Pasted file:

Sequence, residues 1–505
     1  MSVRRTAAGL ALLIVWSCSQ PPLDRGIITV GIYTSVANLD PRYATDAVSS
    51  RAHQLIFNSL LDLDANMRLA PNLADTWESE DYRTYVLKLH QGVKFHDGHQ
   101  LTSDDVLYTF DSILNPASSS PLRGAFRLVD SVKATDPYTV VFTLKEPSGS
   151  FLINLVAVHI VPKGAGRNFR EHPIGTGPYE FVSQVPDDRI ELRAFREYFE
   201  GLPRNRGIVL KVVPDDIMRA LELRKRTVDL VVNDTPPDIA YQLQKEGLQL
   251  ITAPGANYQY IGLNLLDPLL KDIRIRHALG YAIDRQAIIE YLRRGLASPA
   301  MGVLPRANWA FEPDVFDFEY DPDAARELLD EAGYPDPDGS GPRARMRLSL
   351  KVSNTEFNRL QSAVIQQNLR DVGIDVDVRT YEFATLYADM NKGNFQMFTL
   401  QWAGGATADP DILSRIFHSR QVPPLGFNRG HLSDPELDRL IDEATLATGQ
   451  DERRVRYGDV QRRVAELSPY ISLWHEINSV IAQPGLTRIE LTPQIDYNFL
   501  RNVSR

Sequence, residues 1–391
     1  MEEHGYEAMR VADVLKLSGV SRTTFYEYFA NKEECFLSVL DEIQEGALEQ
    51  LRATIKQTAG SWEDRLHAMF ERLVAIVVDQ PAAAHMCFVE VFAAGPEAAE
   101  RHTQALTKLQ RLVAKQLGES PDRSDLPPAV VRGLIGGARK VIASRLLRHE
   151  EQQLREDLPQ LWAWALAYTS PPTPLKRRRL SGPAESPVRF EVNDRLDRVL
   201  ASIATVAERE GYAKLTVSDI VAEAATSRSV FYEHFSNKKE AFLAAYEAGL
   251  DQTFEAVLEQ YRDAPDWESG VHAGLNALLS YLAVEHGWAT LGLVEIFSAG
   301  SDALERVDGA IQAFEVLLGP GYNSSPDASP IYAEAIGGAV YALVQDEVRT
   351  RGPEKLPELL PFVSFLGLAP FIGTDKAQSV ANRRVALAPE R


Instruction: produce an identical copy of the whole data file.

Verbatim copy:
Sequence, residues 1–505
     1  MSVRRTAAGL ALLIVWSCSQ PPLDRGIITV GIYTSVANLD PRYATDAVSS
    51  RAHQLIFNSL LDLDANMRLA PNLADTWESE DYRTYVLKLH QGVKFHDGHQ
   101  LTSDDVLYTF DSILNPASSS PLRGAFRLVD SVKATDPYTV VFTLKEPSGS
   151  FLINLVAVHI VPKGAGRNFR EHPIGTGPYE FVSQVPDDRI ELRAFREYFE
   201  GLPRNRGIVL KVVPDDIMRA LELRKRTVDL VVNDTPPDIA YQLQKEGLQL
   251  ITAPGANYQY IGLNLLDPLL KDIRIRHALG YAIDRQAIIE YLRRGLASPA
   301  MGVLPRANWA FEPDVFDFEY DPDAARELLD EAGYPDPDGS GPRARMRLSL
   351  KVSNTEFNRL QSAVIQQNLR DVGIDVDVRT YEFATLYADM NKGNFQMFTL
   401  QWAGGATADP DILSRIFHSR QVPPLGFNRG HLSDPELDRL IDEATLATGQ
   451  DERRVRYGDV QRRVAELSPY ISLWHEINSV IAQPGLTRIE LTPQIDYNFL
   501  RNVSR

Sequence, residues 1–391
     1  MEEHGYEAMR VADVLKLSGV SRTTFYEYFA NKEECFLSVL DEIQEGALEQ
    51  LRATIKQTAG SWEDRLHAMF ERLVAIVVDQ PAAAHMCFVE VFAAGPEAAE
   101  RHTQALTKLQ RLVAKQLGES PDRSDLPPAV VRGLIGGARK VIASRLLRHE
   151  EQQLREDLPQ LWAWALAYTS PPTPLKRRRL SGPAESPVRF EVNDRLDRVL
   201  ASIATVAERE GYAKLTVSDI VAEAATSRSV FYEHFSNKKE AFLAAYEAGL
   251  DQTFEAVLEQ YRDAPDWESG VHAGLNALLS YLAVEHGWAT LGLVEIFSAG
   301  SDALERVDGA IQAFEVLLGP GYNSSPDASP IYAEAIGGAV YALVQDEVRT
   351  RGPEKLPELL PFVSFLGLAP FIGTDKAQSV ANRRVALAPE R